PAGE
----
Mirror stage | Sunday Observer
Behind the Mask

Mirror stage

19 September, 2021

We are going through a period called mirror stage and that is referred to as the imaginary stage in Lacanian theoretical teachings.

The attempt to identify the subject itself in the mirror stage described by Lacan is the process of ego building. In the mirror stage, the child engages in a primary identification with himself, in the same way that in symbolic order secondary identification takes place.

The relationship a child makes with his or her own image in a mirror is imaginary. This imaginations influence all the subsequent developments in him.

The child sees himself as a gestalt in a mirror. Until now, he was dependent on others and did not see his body as a whole. Thus it is narcissistic for him to perceive his body.

The child has so far had a heterogeneous disorganised understanding of himself. That is because he did not yet have a consistent understanding of his body or coordination of his senses. Seeing himself in mirror, he shifts from heterogeneity to homogeneity and it gives him an organised perception.

How does the child in front of a mirror accept his image? He thinks he sees a real image.

The so-called true image is an ‘other’ to him (here the term Other does not refer simply to “other people”.

As Dylan Evans concisely explains, ‘the other’ is both another subject, in his radical alterity and inassimilable uniqueness, and also the symbolic order which mediates the relationship with that other subject.)

The child identifies with this other. So, ‘the other’ in the mirror is an illusion. He then realises that the image he sees is not a real image but only a reflection. In this context, he understands it as his own image, but realises that it is fictional.

However, this is how the child comes to identify with the whole body instead of being identified as a fragmented body in the mirror stage. This process is very important for the future mental development of the child.

A person who has not passed the mirror stage properly will have to face the problem of not being able to identify as a whole body throughout his life. Violence is associated with that problem and it is a temptation to oppose that imaginary image (Re ad the Death Drive by R.B. Buthbi).

For Lacan, the longing to dismember the body is the desire to return to the state it was in before it was imagined. This is present in any subject and is self destructive.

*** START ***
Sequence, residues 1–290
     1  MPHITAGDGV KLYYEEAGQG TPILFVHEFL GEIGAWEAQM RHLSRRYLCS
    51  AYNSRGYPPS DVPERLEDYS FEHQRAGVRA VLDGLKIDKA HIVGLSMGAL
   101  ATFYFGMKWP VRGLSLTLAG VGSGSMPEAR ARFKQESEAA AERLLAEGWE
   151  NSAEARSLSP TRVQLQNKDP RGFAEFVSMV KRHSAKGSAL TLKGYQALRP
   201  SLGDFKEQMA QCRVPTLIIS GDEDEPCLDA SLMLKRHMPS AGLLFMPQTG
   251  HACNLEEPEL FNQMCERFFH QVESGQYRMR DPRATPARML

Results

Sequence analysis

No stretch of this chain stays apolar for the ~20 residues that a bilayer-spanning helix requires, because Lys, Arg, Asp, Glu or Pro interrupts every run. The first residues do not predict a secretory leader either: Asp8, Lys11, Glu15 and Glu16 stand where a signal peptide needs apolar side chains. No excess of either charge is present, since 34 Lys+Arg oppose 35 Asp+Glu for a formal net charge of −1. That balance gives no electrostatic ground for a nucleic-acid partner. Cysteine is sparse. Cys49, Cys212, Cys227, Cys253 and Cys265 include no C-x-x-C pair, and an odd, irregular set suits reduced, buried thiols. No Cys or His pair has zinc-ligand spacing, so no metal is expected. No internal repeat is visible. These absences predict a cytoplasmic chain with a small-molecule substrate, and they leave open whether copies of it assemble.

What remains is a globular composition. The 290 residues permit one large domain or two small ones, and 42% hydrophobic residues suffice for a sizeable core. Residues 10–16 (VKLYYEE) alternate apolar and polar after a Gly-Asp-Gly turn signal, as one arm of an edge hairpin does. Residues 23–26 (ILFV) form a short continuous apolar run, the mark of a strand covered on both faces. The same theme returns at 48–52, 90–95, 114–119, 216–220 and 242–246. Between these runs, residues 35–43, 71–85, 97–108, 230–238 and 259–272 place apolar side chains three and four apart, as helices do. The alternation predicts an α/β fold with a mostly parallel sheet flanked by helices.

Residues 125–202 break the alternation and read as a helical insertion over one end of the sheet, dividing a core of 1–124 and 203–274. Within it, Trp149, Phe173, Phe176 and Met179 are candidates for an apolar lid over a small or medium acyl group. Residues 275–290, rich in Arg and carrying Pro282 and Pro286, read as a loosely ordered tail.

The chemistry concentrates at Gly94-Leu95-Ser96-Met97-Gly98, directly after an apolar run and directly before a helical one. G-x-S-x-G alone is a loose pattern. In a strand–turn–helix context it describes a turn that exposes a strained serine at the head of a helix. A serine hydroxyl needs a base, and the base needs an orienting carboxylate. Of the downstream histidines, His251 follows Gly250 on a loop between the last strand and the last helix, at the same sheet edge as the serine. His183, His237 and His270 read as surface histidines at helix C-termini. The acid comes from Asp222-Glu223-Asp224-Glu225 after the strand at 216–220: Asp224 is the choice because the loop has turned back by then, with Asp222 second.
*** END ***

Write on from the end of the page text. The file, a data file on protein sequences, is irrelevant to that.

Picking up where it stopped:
The desire to have one’s body dismembered is fulfilled by other substitutes. That is, instead of destroying oneself one destroys something external. There are times when this is accomplished even in a dream.

You may see in a dream that your body will disintegrate and float in the sky. This mental motive can be identified in the tendency to make violent films as well as to watch them. When we see people being torn to pieces in film, violent acts are shown in which, we are satisfied with the desire to return to the pre-imaginary stage. Lacan describes the paintings of fifteenth-century artist Jerome Bosch and explains that such a state of mind is evident in the paintings.

So far we have been talking about the role that the mirror plays in building our subjectivity. We discussed at the outset that the cinematic spectatorship we are talking about is similar to building subjectivity. This means that the spectator sees himself in the movie screen just as a child sees himself in a mirror.

Although he is not physically on screen, it does happen by identifying with a certain character in the film. In brief, on screen he sees his own desire.

We find an opportunity to make the above point clear in the ‘Harry Potter’ stories.

The first book in the series, Harry Potter and the Philosopher’s Stone (which was made into a film as Harry Potter and the Sorcerer’s Stone), reads about an amazing mirror called ‘the Mirror of Erised’ at Hogwarts school of magic. Harry Potter stood in front of this mirror and stared at it for hours.

There he sees his dead parents and he sees himself with his parents. Surprised, Harry Potter takes his friend Ron and makes him to see it.

But Ron sees in the mirror that he has won the trophy at the school’s magical game of ‘Quidditch’. Ron is also seen in the mirror as the school’s head prefect. Ron sees it as a prelude to the realisation of his dreams.

They raise the issue with Dumbledore, the school’s principal. Dumbledore explains that what they are seeing there is nothing but illusion. In fact Harry Potter as well as Ron sees their own fantasies in the mirror. That are, the mirror reveals the desire of both of them.

The reality of taking the cinema screen as a mirror is same. Thus the cinema screen is the opportunity for the spectator to see his own desire.

The simple fact here is that the cinema screen itself is not a realistic phenomenon. It is a representation of reality. Acting of actors as well as actresses is not a live experience for us. Dialogue and music is a recorded secondary expression. In brief a cinematic experience is an illusion.

I will postpone writing for more detailed commentary on this juncture. It will be based on Asoka Handhagama’s cinematic work.

To be continued

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